The top of the UFC heavyweight division has mostly been a barren landscape of dusty tumbleweeds lately, which is to say that nothing much has been going on. Champion Daniel Cormier has a date booked with Stipe Miocic, but has otherwise been sidelined since the beginning of last November, a total of almost eight months. Miocic, the official No. 1 contender as determined by voters, has been on the shelf even longer, having sat out the last year. Cain Velasquez has competed just a single time since the start of 2017. Even the ever-active Derrick Lewis is undergoing his first extended break since joining the UFC, sidelined by a knee injury.
Basically, it’s been a minute since we’ve seen any of the big guys who get our pulses racing.
That changes on Saturday, when Francis Ngannou and Junior dos Santos meet center-cage at UFC Minneapolis in an old-fashioned battle of titans.
This seems like a big deal!
It is the kind of matchup that seems preordained by the forces of nature, like attracting like. Not that they’re exactly the same kinds of fighters — they are not. But only that at their best, they are both capable of the sudden and the spectacular. In short, they are the reason we watch.
These kinds of matchups have been in short supply recently, yes in the UFC as a whole, but particularly in the promotion’s heavyweight division.
Not to be a sizeist, but there is something special about the monsters locking horns that generates an extra buzz to the proceedings. Every fight brings with it the stakes of the moment, but when you get two of the best from the biggest division, it is multiplied. There is the uniquely thudding sound generated upon connection. There is the implicit threat that with every thrown strike, consciousness is on the line. There is gravitas.
It helps that there is plenty on the line. Ngannou is ranked No. 2 and dos Santos No. 3, and each wants to out-jockey the other and line up for the Cormier-Miocic winner. They are competing both for the moment, and for the stakes.
They both reached here in very different ways.
Dos Santos has performed something of a resurrection over the last 12 months. The charming yet bruising Brazilian reached his apex in 2011 as the heavyweight champion, yet soon after began a descent that was both noticeable and slow; a few little downward steps taken through losses at the hands of historical greats. Losing to Alistair Overeem, Velasquez and Miocic (the last two of which he also defeated in other matchups) is hardly a source of shame, yet some of those losses, notably the ones to Velasquez were so physical that it was fair to wonder if he had been beaten past the point of no return.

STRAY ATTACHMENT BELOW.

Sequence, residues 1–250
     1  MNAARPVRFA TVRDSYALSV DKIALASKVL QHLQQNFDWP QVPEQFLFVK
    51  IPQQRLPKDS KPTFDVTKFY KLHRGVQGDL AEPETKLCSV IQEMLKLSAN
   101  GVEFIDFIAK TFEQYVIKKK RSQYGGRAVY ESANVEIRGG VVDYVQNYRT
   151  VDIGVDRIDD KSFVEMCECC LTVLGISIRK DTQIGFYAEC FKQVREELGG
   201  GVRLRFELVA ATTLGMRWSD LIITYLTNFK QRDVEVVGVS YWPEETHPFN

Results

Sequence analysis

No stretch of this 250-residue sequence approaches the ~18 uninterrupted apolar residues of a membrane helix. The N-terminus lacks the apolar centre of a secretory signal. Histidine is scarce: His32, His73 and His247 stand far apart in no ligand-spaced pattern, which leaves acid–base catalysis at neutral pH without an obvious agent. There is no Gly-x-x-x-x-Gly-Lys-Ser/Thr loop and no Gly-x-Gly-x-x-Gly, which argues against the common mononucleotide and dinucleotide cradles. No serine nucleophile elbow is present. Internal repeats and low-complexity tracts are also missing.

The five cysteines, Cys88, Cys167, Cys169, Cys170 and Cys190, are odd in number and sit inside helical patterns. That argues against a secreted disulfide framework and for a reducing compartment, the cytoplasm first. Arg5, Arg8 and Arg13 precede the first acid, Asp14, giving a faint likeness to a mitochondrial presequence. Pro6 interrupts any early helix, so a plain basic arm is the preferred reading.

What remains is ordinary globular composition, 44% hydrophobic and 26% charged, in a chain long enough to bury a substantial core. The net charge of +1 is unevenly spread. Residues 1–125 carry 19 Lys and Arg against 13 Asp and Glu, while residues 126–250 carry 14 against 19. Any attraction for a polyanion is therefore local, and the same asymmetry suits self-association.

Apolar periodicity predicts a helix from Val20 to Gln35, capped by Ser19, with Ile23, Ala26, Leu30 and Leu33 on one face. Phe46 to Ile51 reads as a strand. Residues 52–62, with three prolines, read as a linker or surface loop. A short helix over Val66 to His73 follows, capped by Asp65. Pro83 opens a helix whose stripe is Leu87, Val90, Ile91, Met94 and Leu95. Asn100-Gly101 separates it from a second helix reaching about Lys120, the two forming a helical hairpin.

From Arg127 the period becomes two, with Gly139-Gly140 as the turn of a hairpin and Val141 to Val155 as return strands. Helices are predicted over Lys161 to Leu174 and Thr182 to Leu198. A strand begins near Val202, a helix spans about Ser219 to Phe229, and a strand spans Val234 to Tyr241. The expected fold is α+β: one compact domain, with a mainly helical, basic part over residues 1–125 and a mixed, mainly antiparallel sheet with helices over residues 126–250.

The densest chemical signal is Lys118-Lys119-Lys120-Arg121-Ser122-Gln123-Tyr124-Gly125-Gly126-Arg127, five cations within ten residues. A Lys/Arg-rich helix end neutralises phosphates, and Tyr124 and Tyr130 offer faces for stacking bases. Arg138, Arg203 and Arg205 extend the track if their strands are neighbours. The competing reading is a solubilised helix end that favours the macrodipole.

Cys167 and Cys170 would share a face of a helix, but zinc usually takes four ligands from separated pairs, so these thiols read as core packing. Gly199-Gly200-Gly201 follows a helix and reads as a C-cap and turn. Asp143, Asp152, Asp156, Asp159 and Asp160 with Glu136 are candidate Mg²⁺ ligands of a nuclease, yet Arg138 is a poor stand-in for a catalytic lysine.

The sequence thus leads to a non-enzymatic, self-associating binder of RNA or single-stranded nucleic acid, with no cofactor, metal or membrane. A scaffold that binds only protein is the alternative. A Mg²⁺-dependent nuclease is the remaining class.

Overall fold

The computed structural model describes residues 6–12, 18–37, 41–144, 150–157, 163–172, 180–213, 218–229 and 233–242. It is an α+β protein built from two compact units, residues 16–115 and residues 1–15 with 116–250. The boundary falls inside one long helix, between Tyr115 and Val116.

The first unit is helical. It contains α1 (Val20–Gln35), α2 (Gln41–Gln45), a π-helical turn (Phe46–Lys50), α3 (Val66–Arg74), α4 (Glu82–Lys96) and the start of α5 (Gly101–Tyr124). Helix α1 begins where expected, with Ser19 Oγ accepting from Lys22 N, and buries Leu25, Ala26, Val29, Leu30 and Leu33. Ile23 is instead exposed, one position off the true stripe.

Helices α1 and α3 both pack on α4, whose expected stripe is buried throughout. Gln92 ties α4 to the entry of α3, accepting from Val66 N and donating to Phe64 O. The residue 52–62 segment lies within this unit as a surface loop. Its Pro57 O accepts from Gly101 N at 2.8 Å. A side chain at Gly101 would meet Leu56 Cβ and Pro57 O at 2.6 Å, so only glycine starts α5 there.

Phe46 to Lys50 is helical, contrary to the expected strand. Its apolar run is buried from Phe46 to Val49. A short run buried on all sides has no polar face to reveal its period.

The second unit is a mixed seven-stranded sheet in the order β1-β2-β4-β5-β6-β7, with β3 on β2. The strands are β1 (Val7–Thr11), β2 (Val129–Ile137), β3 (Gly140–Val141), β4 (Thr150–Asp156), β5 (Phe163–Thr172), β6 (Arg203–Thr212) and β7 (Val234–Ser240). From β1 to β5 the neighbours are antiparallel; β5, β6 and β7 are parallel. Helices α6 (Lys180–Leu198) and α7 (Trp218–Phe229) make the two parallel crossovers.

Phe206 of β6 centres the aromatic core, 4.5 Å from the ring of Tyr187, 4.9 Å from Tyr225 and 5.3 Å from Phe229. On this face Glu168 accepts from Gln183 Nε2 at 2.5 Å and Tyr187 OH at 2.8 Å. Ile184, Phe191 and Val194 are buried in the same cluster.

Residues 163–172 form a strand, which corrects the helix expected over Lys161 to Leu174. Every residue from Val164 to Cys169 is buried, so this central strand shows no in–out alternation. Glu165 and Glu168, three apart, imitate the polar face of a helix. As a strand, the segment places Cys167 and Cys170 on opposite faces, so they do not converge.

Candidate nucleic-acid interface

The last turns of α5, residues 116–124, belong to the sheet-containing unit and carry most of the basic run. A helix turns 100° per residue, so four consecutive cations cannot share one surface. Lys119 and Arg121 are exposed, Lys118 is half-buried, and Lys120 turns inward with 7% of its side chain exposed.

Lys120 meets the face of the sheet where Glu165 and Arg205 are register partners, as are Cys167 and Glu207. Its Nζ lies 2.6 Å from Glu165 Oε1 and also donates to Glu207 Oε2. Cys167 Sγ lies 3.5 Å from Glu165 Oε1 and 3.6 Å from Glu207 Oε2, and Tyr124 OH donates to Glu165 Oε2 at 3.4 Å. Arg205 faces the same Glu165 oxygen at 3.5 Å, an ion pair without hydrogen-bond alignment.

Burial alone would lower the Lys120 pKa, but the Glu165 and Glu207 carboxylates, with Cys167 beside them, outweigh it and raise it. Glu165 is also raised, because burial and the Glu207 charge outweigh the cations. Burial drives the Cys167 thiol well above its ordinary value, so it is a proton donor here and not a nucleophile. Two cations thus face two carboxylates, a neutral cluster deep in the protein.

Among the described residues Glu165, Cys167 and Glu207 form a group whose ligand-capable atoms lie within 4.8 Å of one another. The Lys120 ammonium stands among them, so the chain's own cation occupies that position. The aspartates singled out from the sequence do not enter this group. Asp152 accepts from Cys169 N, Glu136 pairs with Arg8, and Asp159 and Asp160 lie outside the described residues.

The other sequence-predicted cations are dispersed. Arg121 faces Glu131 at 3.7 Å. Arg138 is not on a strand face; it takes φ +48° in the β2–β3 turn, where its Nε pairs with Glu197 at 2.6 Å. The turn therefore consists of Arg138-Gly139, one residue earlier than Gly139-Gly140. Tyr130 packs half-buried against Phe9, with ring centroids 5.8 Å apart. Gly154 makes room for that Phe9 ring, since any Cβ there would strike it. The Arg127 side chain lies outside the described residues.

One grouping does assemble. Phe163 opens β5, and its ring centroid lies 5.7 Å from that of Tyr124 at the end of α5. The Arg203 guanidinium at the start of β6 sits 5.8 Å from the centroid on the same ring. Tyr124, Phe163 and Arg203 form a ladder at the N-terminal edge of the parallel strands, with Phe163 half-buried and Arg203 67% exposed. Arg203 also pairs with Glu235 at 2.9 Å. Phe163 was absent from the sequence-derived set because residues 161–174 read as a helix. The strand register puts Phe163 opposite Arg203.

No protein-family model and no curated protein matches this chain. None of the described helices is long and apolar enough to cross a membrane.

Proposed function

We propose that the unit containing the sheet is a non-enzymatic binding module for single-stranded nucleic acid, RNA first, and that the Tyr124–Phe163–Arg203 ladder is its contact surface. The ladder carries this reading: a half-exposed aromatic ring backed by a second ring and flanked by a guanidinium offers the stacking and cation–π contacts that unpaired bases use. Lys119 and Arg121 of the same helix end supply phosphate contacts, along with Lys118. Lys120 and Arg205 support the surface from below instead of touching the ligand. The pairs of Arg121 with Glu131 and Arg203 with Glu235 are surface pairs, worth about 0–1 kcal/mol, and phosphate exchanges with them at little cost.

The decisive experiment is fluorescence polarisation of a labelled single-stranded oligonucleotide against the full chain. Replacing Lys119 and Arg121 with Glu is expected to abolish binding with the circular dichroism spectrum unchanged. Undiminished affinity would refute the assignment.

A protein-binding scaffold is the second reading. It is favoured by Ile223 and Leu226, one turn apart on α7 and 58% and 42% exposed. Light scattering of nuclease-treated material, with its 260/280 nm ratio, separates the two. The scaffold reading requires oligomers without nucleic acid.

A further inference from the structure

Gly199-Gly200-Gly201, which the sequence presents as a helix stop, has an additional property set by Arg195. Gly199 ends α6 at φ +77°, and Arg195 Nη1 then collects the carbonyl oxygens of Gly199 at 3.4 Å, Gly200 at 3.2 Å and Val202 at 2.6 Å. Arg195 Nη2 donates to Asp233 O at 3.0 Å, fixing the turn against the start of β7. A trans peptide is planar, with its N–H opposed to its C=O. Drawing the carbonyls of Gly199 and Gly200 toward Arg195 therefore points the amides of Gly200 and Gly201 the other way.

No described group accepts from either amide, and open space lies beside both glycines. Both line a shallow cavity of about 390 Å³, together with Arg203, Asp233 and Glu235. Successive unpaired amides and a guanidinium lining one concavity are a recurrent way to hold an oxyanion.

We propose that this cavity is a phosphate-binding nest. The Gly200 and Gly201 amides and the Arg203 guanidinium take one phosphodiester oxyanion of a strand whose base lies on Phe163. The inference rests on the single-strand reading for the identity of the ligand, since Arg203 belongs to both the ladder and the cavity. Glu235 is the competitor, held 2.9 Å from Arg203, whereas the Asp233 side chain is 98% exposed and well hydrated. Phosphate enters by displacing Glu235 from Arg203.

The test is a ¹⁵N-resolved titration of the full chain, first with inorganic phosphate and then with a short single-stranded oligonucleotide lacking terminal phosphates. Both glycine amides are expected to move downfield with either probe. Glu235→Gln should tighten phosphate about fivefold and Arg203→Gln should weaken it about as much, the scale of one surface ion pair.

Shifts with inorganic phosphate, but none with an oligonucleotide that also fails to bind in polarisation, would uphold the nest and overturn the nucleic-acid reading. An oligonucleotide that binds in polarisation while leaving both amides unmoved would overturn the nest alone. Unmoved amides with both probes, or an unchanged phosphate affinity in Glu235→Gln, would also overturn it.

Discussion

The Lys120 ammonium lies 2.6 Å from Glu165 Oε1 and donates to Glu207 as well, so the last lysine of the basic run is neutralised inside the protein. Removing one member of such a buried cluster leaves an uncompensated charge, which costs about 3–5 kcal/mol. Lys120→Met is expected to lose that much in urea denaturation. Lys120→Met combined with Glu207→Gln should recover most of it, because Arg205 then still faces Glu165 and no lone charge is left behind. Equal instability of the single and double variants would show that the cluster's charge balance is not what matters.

And then suddenly, resurgence. A year off and a move to American Top Team seemed to revitalize him, leading to three straight wins including finishes of Lewis and Tai Tuivasa. Even at 35 years old and with mileage on his tires, dos Santos still matters.
Ngannou, meanwhile, arrives with a newly recovered momentum. It wasn’t so long ago that he was the next big thing in the UFC, a hulking Cameroonian with shattering power and a heart-wrenching back story. Every step up the ladder, Ngannou rose to meet the challenge until he ran into Miocic. The setback — a lopsided unanimous decision loss — penetrated Ngannou’s psyche, causing him to question everything about himself. In his next fight, he struggled to pull the trigger offensively, and lost a lackluster contest to Lewis, afterward famously saying that “I have carried my fear from the last fight to this one.”
Coming from a man who once seemed to be fear incarnate, it was a remarkably vulnerable and insightful comment.
Many fighters over the years have struggled with confidence issues. Rarely, however, is such a battle publicized. Here Ngannou was, in a sense, adding more pressure to his next outing, because now everyone knew what they were looking at.
We should have known that a man capable of surviving long hours in a sand quarry was just as capable of overcoming psychological barriers as he was of physical ones. His two fights since that horrid outing have been spectacular — two knockouts in a combined 71 seconds.
And so through those long and hard roads, here we are, two face-crushers dripping with confidence and ready to draw the line. To get there, you have to go through here. Something to chase and something to defend. The best kind of fight. The best kind of heavyweights. Even if it’s just for a moment, we’ll all be waiting for the jolt.